Kohler G, Milstein C (1975) Continuous cultures of fused cells secreting antibody of predefined specificity. Nature 256:495–497CrossRefGoogle Scholar
  2. 2.
    Kozbor D, Roder JC (1981) Requirements for the establishment of high-titered human monoclonal antibodies against tetanus toxoid using the Epstein-Barr virus technique. J Immunol 127:1275–1280PubMedGoogle Scholar
  3. 3.
    Traggiai E, Becker S, Subbarao K, Kolesnikova L, Uematsu Y, Gismondo MR et al (2004) An efficient method to make human monoclonal antibodies from memory B cells: potent neutralization of SARS coronavirus. Nat Med 10:871–875CrossRefGoogle Scholar
  4. 4.
    McCafferty J, Griffiths AD, Winter G, Chiswell DJ (1990) Phage antibodies: filamentous phage displaying antibody variable domains. Nature 348:552–554CrossRefGoogle Scholar
  5. 5.
    Winter G, Griffiths AD, Hawkins RE, Hoogenboom HR (1994) Making antibodies by phage display technology. Annu Rev Immunol 12:433–455CrossRefGoogle Scholar
  6. 6.
    Ozawa T, Kinoshita K, Kadowaki S, Tajiri K, Kondo S, Honda R et al (2009) MAC-CCD system: a novel lymphocyte microwell-array chip system equipped with CCD scanner to generate human monoclonal antibodies against influenza virus. Lab Chip 9:158–163CrossRefGoogle Scholar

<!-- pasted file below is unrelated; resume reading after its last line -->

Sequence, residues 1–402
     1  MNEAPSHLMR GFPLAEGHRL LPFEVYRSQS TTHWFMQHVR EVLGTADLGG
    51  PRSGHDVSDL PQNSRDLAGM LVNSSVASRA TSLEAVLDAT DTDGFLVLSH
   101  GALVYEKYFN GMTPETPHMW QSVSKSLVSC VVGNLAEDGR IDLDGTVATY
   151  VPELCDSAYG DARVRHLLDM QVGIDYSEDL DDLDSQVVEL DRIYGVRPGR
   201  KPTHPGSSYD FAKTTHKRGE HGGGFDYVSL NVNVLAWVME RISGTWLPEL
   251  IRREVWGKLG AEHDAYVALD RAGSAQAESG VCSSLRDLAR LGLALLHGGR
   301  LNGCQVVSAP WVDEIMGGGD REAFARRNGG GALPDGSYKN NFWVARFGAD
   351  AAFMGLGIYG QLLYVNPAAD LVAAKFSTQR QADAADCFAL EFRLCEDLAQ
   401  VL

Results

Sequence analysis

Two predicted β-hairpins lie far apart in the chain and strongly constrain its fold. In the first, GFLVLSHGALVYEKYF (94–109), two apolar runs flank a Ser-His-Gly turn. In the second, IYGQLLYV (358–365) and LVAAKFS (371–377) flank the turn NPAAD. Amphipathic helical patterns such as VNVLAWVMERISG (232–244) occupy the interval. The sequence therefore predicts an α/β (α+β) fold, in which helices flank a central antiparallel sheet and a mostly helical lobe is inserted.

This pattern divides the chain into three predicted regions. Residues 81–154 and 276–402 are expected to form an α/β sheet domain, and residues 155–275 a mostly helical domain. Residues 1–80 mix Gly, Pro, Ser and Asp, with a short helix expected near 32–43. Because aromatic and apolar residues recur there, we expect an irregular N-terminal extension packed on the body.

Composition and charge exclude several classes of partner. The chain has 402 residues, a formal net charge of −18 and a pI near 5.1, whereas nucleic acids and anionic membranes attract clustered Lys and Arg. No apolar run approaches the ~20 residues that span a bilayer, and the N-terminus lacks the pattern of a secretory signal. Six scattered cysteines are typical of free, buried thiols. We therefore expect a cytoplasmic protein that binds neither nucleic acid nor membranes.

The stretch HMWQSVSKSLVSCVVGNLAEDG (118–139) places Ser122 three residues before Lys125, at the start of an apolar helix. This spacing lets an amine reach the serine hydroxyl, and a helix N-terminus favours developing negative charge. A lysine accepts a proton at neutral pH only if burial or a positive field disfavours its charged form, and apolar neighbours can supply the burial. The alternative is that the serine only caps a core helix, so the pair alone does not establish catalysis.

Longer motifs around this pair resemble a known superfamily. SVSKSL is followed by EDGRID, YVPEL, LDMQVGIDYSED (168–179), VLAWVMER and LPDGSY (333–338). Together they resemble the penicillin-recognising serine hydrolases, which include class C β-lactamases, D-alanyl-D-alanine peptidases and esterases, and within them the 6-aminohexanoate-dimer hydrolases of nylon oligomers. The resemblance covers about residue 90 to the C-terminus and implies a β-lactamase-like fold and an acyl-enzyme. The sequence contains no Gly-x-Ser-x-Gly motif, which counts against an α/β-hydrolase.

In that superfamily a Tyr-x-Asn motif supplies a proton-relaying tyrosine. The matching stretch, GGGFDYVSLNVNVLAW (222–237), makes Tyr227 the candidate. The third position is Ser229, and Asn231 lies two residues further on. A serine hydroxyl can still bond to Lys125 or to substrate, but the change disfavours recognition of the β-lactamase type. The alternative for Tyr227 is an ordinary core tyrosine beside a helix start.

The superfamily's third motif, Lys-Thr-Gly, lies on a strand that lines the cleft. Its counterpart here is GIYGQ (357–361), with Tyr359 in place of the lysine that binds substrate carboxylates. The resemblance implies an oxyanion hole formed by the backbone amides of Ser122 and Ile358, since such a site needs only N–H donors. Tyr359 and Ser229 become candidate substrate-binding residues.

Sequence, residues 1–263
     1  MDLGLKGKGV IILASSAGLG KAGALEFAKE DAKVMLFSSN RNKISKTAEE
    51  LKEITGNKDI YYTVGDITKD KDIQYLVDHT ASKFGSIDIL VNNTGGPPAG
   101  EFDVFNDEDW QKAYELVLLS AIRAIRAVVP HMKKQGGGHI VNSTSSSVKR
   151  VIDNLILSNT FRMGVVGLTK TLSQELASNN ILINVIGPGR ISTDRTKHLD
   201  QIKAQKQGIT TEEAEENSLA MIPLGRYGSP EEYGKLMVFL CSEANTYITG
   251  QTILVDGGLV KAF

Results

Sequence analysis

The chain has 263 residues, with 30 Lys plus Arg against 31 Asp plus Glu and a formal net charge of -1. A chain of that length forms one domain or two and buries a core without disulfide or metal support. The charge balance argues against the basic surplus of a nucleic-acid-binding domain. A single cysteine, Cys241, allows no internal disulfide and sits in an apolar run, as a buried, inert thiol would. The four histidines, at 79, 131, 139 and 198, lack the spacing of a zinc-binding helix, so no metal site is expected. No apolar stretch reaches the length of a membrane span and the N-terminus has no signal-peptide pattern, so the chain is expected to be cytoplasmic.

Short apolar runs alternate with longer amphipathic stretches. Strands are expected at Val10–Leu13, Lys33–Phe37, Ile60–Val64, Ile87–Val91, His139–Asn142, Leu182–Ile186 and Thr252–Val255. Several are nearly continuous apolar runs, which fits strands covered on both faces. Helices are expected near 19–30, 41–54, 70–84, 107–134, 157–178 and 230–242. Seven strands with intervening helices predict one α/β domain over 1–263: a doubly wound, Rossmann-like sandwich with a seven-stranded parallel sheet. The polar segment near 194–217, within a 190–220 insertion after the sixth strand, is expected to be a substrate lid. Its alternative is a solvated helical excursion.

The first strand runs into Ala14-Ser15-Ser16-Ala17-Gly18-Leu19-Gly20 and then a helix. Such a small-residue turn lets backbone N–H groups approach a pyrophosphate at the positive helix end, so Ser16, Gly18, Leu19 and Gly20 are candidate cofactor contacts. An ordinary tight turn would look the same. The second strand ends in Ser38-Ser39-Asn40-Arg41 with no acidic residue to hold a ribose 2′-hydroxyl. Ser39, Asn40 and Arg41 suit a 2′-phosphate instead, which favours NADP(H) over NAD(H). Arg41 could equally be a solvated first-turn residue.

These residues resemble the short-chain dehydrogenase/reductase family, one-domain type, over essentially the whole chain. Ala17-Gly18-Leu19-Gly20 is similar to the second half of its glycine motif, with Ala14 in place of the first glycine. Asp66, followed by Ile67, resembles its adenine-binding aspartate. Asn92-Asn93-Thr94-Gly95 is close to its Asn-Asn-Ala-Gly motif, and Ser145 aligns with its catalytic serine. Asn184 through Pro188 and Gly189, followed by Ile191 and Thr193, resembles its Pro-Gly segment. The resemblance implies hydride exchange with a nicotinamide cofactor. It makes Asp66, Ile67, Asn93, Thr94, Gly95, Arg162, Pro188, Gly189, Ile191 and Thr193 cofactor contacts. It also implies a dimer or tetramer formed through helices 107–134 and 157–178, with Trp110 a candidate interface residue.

7. 7.
    Tajiri K, Kishi H, Tokimitsu Y, Kondo S, Ozawa T, Kinoshita K et al (2007) Cell-microarray analysis of antigen-specific B-cells: single cell analysis of antigen receptor expression and specificity. Cytometry A 71:961–967CrossRefGoogle Scholar
  8. 8.
    Tokimitsu Y, Kishi H, Kondo S, Honda R, Tajiri K, Motoki K et al (2007) Single lymphocyte analysis with a microwell array chip. Cytometry A 71:1003–1010CrossRefGoogle Scholar
  9. 9.
    Yamamura S, Kishi H, Tokimitsu Y, Kondo S, Honda R, Rao SR et al (2005) Single-cell microarray for analyzing cellular response. Anal Chem 77:8050–8056CrossRefGoogle Scholar
  10. 10.
    Jin A, Ozawa T, Tajiri K, Obata T, Kondo S, Kinoshita K et al (2009) A rapid and efficient single-cell manipulation method for screening antigen-specific antibody-secreting cells from human peripheral blood. Nat Med 15:1088–1092CrossRefGoogle Scholar